winter dust haze. In this way, 80 stations were checked systematically during both the winter dust haze periods,
from 1 July 1957 to 30 November 1957 and from 1 May 1958 to 30 November 1958. These counts made it
possible to carry out an elementary statistical analysis of the results and to produce some maps showing the
spatial evolution of this phenomenon during winter.
Figure 1. Location of the stations in southern tropical Africa
2.2. Dust haze occurrence and dry season
2.2.1. Southern dry season. Dust haze occurrence is closely linked to the southern dry season (Figure 2): in
most of the stations very little rain is found during the period stretching from May±June to September±October
(Walter and Lieth, 1967; Grif®th, 1972). The only exception is the eastern coast, where rain continues falling but
in smaller amounts than during the rest of the year. Elsewhere, the rainy season generally stops in autumn, either
in April when precipitation falls under 40 or 20 mm or in May when it is nil, especially in the south (Figure 3). In
Shaba (southern ZaõÈre), the complete cover of thin clouds without any rain, which is characteristic of April,
quickly disappears in the beginning of May (Mbenza, 1982; Crabbe, 1986; N'tombi, 1988, 1990). The area
without any rainfall increases until July; the period July±August corresponds to its greatest extent, then it
diminishes in September (Figure 3). The winter dry season on average lasts from 3 to 6 months in the north and
up to 9 or 10 in the south (Dubresson et al., 1994) (Figure 2). The same regime extends to the Great Lakes area in
East Africa, but the dry season is generally shorterÐonly 3 months, from June to August (Douguedroit et al.,
1990). On the northern limit of the ZaõÈre basin, winter is less dry but precipitation distinctly weakens; the same
climatic regime continues north of the Equator, with a short dry season from June to August, corresponding with
the northern summer (Leroux, 1983).
2.2.2. The southern dry season in 1957 and 1958. 1957 and 1958 are generally considered as humid years in
southern Africa as well as in western Africa (Nicholson, 1986, 1988; Tyson, 1986). In southern tropical Africa it
is possible to compare the average rain amount (1946±1987) and the rain in 1957 and 1958, during the southern
dry season at four stations (Table I). From these rain amounts we may easily deduce the differences between the
stations. Both years were below average in Lusaka, above average in Mahalapye, and close to average in
Bulawayo. In Solwezi, the 1957 dry season was below average and 1958 was above average. In fact the main
Figure 2. Length of dry season (after Dubresson et al., 1994): 1, less than 3 months; 2, 3±6 months; 3, 6±9 months; 4, more than 9 months;
5, alluvial high plains of southern tropical Africa
Figure 3. Extension of drought in April and October: 1, area with a rainfall average lower than 30 mm in April; 2, station with less than 30 mm
in April 1958; 3, area with a rainfall average lower than 30 mm in October
Table I. Rain amount (in mm) during the dry season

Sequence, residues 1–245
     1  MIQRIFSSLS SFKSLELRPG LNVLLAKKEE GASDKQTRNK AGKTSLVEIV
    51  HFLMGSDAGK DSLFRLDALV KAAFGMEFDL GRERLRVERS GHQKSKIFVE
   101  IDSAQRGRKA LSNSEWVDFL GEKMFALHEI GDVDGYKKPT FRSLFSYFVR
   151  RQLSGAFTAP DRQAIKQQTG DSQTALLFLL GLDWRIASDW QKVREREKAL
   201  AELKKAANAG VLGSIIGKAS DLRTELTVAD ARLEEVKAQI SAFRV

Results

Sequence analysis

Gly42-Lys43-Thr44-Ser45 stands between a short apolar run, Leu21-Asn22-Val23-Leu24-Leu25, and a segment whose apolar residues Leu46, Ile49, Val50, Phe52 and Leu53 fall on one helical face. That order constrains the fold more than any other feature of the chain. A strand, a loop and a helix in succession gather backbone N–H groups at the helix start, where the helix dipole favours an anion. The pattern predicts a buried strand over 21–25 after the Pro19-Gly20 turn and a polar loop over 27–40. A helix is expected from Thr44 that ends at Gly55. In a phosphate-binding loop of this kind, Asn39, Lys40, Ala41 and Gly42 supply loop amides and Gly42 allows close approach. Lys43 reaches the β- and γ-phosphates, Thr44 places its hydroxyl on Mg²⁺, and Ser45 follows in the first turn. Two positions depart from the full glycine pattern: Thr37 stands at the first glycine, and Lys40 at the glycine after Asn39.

Solwezi (12 S)
Lusaka (15 S)
Bulawayo (20 S)
Mahalapye (23 S)
interannual variability originates in the length of the dry season. From June to August, the weather is absolutely
dry, so that the variability is equal to zero (Hulme, 1992). The only exception is July 1957 in Mahalapye, located
on the fringe of the tropical zone, with the heaviest winter rainfall in the period 1946±1987 (41 mm). The
beginning and the end of winter may be either quite rainy or quite dry, depending on both place and year. In 1958
for example, Mahalapye did not receive any rain during October and November (average 1946±1987: 101 mm),
whereas Solwezi received more than usual (278 mm, average 230 mm).
Therefore we may suggest that the interannual variability of the dry season concerns mainly the beginning of
the extension phase and the end of the regression phase of the chronological development of dust haze. The latter
will be studied for both 1957 and 1958.
2.3. Chronological development of the dust haze in 1958
Dust haze weather prevails during winter in most of southern tropical Africa, especially over the inner plateau.
Considering the daily number of stations affected by dust haze throughout 1958 (the only year with data from the
beginning to the end of the winter dust season), we can display four main chronological phases (Figure 4).
Figure 4. Daily number of stations affected by dust haze: (a) 1 May±30 November 1958; (b) 1 July±30 November 1957
2.3.1. Extension phase. This stretches from 6 May to 22 June. During this 7-week period, the number of
stations affected by dust haze increases quite regularly, in spite of some ¯uctuations: ®ve on 11 May, 10 on 13
May. From 12 June to 21 June, the number of stations with dust haze ranges from 17 to 26. June 22 is one of the
highest peaks, with 34 stations involved. The average values for the successive ®ve 10-day periods (or decads)
are 5, 10, 13, 16, and 24 stations.
2.3.2. Main phase. This takes place from 22 June to 30 August. It is characterized mainly by both a great